Cook Islands Trusts for Asset Protection
The Cook Islands are a group of Islands in the Pacific. They are independent but under the protection of New Zealand. The British Queen is their nominal head of state.
The super-rich have long been aware of the advantages of forming Cook Islands Trusts and Cook Islands Companies.
The main advantage of the Cook Islands is that they do not recognise foreign judgements.
If a creditor gets a judgement against you in Europe or the USA that means nothing in The Cook Islands.
Your pursuer would have to make a trip to the other side of the world and start the whole process over again.
That will make most creditors think twice about starting proceedings against a Cook Islands Trust.
If assets that have been gifted to the trust are disputed, perhaps because of a bankruptcy or divorce, the claimant has only 12 months to make a claim against the settlor of the trust and 2 years to make a claim against the trust.
After 2 years it’s impossible for any creditor to make a claim.
There are also provisions in The Cook Islands trust law to prevent distributions being made from the trust under duress.
If a court orders you to transfer money from the trust to satisfy a claim, that would be considered ‘under duress’ and the trustees would refuse to make the payment.
Even the US government, normally considered to have a wide reach has failed to grab money from Cook Islands trusts.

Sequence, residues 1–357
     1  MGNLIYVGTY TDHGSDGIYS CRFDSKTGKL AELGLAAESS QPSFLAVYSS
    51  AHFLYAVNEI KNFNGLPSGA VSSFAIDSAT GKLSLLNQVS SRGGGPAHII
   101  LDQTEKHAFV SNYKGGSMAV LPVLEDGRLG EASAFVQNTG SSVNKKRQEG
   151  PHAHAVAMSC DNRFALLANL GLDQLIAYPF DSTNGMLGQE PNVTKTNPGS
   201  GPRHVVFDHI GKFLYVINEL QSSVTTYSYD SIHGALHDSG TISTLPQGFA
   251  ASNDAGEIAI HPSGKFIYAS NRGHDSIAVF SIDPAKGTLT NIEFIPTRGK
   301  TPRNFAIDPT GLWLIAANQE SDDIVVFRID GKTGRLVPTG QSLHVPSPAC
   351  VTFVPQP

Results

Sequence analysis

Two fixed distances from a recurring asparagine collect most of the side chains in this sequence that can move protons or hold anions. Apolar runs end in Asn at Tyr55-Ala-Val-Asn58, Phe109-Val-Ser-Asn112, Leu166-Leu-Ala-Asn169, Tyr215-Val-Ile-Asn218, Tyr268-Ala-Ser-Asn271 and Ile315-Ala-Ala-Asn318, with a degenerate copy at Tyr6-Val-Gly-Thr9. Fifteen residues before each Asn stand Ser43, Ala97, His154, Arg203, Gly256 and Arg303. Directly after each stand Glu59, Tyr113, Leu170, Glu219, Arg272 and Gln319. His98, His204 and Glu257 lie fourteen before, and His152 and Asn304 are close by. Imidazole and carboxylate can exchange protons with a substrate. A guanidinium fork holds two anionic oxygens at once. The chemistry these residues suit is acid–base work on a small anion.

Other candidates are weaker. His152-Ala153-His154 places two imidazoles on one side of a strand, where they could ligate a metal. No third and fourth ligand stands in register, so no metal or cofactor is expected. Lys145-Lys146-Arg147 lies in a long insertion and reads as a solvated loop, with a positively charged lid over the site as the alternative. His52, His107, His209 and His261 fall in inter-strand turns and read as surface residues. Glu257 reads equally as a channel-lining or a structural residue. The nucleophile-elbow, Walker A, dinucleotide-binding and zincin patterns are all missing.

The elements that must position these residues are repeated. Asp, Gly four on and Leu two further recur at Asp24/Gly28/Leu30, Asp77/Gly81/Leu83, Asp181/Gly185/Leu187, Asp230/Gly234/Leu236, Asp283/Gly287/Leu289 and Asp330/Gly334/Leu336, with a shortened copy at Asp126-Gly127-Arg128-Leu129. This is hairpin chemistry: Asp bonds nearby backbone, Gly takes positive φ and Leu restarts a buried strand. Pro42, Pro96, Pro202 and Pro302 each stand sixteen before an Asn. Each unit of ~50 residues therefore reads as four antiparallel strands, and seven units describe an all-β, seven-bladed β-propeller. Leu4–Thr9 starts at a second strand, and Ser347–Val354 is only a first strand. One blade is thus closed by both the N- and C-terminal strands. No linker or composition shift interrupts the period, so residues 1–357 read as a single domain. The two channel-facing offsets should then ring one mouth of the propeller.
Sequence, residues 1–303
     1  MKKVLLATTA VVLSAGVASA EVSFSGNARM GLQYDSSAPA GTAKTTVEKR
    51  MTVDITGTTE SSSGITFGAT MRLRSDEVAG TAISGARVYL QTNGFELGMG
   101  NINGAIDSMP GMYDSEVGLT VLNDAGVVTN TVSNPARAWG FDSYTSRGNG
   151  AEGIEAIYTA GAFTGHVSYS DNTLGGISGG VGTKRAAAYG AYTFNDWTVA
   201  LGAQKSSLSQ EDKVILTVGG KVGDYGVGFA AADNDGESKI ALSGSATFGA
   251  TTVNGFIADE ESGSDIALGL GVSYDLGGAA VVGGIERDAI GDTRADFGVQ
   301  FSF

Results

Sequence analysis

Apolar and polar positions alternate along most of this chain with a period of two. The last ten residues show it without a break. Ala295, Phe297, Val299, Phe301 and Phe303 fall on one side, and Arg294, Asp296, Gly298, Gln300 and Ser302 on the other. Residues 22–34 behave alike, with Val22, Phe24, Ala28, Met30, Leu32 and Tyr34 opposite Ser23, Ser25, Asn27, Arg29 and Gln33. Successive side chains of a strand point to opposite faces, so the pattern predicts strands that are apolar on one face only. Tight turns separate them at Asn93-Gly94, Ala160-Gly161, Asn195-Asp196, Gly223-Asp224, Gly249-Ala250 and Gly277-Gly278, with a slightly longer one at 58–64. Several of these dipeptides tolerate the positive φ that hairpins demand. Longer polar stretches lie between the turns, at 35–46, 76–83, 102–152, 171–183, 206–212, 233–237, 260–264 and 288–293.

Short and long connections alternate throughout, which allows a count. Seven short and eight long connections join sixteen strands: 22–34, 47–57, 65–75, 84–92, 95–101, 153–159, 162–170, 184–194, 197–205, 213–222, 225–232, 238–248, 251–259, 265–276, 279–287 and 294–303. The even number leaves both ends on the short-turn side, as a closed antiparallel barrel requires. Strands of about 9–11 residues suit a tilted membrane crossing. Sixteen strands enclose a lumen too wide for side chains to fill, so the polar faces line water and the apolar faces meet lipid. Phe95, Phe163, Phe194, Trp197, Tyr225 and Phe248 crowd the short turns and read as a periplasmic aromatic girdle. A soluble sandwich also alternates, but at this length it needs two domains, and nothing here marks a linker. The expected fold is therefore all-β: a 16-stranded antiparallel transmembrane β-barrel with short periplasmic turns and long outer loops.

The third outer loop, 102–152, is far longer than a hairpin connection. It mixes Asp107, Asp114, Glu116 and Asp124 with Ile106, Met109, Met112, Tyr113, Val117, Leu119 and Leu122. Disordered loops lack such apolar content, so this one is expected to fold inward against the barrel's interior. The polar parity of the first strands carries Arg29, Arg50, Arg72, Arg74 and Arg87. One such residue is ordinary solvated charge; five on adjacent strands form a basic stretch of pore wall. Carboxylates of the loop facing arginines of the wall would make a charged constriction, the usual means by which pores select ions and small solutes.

In legal filings, Fannie Mae, the US government backed lender admitted that it was only able to collect a paltry $12,000 on a $10 million judgement against an Oklahoma property developer.
Fannie Mae complained that the clear purpose of the trust was to frustrate legal efforts to collect on the judgement.
Trust clients have used Cook Islands trusts to protect yachts, classic cars and valuable art, as well as owning operating companies on behalf of high net worth families.
Another useful advantage of Cook Island trusts is the standard of proof required for creditors to seize assets.
In normal commercial litigation the standard of proof is on the balance of probabilities.
For Cook Islands trusts the standard is beyond reasonable doubt.
This is an almost impossible standard of proof in a commercial case and will stop most litigation before it gets started.
Punitive damages cannot be awarded against a Cook Islands Trust.
Cook Islands Trust law is quite possibly the most robust in the world.
I know of creditors who have settled lawsuits for paltry amounts rather than risk starting litigation in a far off jurisdiction when the odds are stacked heavily against them.